"I don't want to be seen as the 'building queen,'" Ballantyne said, jokingly, but then added, "We have gotten the campus back up to maintainable."
Ballantyne also said making the college more data driven, computer upgrades that have taken place under her leadership and the success of the college's policy governance system are accomplishments she is proud of.
The college's faculty and staff deserve much credit, Ballantyne said.
"There are a lot of things I feel good about," Ballantyne said. "And this is one great staff. I'd put it up against any community college in the country."
Also during Ballantyne's tenure, GCCC switched to the Academic Quality Improvement Program's system of academic accreditation in 2003, and this spring earned continuing accreditation renewal through 2016-17 from the Higher Learning Commission of the North Central Association of Colleges and Schools.
She initiated a review of administrative policies, instituted an internal governance system to involve employees at all levels in decision-making, and developed an annual planning process that draws campus-wide input. She also launched a campus leadership program to develop leadership skills among members of the faculty and staff.
Before coming to GCCC, Ballantyne served in leadership positions at St. Charles Community College in Missouri, Metropolitan Community College in Nebraska and Kirkwood Community College in Iowa. She helped create a new community college in Missouri in the 1980s.
Ballantyne earned the Shirley B. Gordon Award of Distinction in 2006 from the Phi Theta Kappa International Honor Society of the Two-Year College, for support and advocacy of academic achievement. She also earned the Crider Center for Mental Health Hero Award in 1999, and the Outstanding Alumnus Award from the College of Education at the University of Iowa, where she completed her master of arts and doctorate degrees.
She has been active on the Finney County Workforce Development Board, Public Entities Board, Three Entities Steering Committee, GCCC Endowment Association Board, Rotary Club, Habitat for Humanity and Council of Kansas Community College Presidents. She also served on the Garden City Area Chamber of Commerce Board of Directors.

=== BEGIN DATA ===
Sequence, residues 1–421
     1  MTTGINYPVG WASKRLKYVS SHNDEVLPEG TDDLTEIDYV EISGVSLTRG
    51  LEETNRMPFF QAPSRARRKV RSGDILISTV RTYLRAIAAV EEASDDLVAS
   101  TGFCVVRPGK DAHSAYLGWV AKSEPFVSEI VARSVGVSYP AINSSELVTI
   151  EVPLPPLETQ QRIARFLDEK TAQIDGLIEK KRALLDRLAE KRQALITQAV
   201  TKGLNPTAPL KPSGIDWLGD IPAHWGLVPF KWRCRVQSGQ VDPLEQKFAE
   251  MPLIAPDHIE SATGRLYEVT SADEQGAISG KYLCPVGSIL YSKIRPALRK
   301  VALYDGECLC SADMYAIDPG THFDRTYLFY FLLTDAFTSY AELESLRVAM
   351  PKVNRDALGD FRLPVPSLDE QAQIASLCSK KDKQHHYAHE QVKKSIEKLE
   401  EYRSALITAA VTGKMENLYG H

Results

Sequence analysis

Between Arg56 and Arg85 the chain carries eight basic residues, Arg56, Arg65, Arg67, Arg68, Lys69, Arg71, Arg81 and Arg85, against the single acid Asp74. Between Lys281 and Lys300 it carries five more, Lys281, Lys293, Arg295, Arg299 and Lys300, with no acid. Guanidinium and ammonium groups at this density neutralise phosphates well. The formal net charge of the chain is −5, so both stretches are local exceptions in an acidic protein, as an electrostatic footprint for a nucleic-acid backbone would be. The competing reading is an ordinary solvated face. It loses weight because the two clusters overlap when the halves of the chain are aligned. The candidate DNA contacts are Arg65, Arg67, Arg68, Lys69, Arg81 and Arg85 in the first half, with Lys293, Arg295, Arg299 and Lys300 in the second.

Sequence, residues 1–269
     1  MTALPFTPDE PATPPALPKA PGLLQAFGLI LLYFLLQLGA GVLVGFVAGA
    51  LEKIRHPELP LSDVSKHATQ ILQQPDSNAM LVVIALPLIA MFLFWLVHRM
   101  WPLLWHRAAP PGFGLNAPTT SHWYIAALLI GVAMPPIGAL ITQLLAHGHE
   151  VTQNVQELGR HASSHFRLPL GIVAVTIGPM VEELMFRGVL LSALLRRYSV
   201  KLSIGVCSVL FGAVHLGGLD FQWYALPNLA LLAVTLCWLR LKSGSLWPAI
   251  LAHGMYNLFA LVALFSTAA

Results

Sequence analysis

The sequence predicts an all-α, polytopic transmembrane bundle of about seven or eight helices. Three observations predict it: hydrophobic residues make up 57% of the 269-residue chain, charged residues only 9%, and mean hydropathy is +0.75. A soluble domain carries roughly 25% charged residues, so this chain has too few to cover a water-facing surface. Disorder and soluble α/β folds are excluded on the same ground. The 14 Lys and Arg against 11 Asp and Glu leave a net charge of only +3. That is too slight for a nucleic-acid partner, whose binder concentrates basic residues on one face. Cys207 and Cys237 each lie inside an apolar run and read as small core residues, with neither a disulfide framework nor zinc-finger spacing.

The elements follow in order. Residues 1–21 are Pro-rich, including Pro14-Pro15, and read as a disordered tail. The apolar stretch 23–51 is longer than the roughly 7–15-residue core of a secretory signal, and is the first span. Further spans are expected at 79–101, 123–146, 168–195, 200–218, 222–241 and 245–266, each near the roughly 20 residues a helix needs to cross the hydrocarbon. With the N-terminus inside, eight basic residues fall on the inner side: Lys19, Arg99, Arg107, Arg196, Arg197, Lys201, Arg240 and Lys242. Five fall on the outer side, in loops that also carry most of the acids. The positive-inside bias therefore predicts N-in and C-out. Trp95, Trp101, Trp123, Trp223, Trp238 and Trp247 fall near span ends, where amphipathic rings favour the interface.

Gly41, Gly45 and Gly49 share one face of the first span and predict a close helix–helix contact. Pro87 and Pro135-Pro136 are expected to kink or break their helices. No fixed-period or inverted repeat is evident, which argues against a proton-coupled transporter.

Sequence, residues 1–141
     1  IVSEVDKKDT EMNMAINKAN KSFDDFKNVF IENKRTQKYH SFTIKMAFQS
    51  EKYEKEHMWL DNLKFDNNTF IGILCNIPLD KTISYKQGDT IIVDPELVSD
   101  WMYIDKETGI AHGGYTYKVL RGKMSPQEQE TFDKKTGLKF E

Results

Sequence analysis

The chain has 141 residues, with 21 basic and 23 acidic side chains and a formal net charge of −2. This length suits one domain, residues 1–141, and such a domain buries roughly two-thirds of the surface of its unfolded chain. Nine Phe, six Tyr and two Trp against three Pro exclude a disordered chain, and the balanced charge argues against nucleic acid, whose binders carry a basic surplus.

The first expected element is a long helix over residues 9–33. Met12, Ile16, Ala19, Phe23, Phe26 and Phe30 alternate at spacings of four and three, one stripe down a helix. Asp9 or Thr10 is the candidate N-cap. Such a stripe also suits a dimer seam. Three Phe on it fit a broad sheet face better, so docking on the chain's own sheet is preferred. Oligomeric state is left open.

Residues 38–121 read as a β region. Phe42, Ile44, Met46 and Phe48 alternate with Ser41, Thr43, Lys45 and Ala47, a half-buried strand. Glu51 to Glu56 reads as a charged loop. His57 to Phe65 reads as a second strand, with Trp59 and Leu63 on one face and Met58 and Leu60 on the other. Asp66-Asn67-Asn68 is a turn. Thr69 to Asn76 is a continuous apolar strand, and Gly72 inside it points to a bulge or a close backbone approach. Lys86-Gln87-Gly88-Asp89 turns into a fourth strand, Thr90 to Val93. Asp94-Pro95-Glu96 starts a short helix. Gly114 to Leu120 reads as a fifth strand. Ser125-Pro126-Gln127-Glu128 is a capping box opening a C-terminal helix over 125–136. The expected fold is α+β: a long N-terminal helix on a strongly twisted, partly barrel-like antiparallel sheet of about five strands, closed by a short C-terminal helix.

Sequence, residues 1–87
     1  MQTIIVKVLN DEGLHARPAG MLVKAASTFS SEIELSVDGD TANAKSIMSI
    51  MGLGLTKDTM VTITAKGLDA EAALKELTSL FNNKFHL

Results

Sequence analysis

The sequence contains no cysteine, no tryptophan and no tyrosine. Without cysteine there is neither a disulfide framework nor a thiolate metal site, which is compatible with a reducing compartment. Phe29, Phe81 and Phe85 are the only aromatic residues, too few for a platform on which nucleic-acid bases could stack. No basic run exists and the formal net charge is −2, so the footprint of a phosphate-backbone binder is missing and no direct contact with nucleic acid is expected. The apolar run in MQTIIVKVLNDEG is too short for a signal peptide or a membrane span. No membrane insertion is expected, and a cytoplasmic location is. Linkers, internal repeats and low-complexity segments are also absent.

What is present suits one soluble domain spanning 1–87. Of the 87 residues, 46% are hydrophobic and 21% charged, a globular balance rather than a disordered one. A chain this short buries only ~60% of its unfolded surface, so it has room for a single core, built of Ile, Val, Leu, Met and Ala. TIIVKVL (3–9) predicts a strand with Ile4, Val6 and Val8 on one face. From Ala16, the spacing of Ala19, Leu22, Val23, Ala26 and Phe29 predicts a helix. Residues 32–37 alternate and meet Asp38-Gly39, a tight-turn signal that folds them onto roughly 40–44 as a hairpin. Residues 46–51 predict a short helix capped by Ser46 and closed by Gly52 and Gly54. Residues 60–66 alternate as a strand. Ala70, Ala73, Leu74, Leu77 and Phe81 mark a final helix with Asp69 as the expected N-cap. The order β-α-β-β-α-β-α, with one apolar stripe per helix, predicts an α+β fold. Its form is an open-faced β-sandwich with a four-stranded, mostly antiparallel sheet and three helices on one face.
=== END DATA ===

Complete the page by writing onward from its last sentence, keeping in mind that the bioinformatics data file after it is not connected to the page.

Ballantyne earned her bachelor of science degree at Northeast Missouri State University, and an associate in arts degree at Kirkwood Community College in Iowa.
"I appreciate all that she has done, not just locally for our college, but also the way she has been so pro-community college at the national level," said Trustee Terri Worf. "When you go to national meetings with her, you see how she has earned the respect of her peers."
The management team of deans is expected to meet weekly with the Board of Trustees, probably at 5:30 p.m. on Wednesdays, with the sessions open to the public.
The next regular meeting of the trustees is scheduled for July 14, when the board will discuss and make considerations for the 2010-11 budget. A public hearing for the budget is scheduled for Aug. 11.
The college, under Ballantyne's guidance, has been preparing for a difficult budget year in 2010-11.
Even with Ballantyne's departure, Wigner is confident the college will be able to move forward and face the looming cuts and perhaps even more difficult budget decisions in the future.
"We're not going to skip a beat as far as the budget is concerned," Wigner said. "I think we have an amazing team, and we're all going to pull together."
Ballantyne, meanwhile, said she plans to move back to her home state of Iowa, probably in the Iowa City or Cedar Rapids area, to be close to family.
"You don't live forever," Ballantyne said. "You may as well get out while the gettin's good," Ballantyne said.